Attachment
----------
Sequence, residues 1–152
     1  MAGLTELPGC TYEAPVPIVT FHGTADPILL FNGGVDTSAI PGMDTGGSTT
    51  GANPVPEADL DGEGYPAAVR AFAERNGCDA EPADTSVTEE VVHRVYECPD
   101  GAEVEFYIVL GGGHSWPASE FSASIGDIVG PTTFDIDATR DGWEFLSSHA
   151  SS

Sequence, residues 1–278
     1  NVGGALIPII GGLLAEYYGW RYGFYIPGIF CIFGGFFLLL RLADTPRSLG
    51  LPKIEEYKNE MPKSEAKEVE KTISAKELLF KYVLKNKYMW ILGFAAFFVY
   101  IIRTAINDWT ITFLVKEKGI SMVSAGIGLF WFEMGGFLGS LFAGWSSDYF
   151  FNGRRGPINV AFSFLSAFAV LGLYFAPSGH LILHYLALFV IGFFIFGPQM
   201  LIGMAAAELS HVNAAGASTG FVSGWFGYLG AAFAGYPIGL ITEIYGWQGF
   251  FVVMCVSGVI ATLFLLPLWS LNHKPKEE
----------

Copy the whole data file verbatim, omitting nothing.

Sequence, residues 1–152
     1  MAGLTELPGC TYEAPVPIVT FHGTADPILL FNGGVDTSAI PGMDTGGSTT
    51  GANPVPEADL DGEGYPAAVR AFAERNGCDA EPADTSVTEE VVHRVYECPD
   101  GAEVEFYIVL GGGHSWPASE FSASIGDIVG PTTFDIDATR DGWEFLSSHA
   151  SS

Sequence, residues 1–278
     1  NVGGALIPII GGLLAEYYGW RYGFYIPGIF CIFGGFFLLL RLADTPRSLG
    51  LPKIEEYKNE MPKSEAKEVE KTISAKELLF KYVLKNKYMW ILGFAAFFVY
   101  IIRTAINDWT ITFLVKEKGI SMVSAGIGLF WFEMGGFLGS LFAGWSSDYF
   151  FNGRRGPINV AFSFLSAFAV LGLYFAPSGH LILHYLALFV IGFFIFGPQM
   201  LIGMAAAELS HVNAAGASTG FVSGWFGYLG AAFAGYPIGL ITEIYGWQGF
   251  FVVMCVSGVI ATLFLLPLWS LNHKPKEE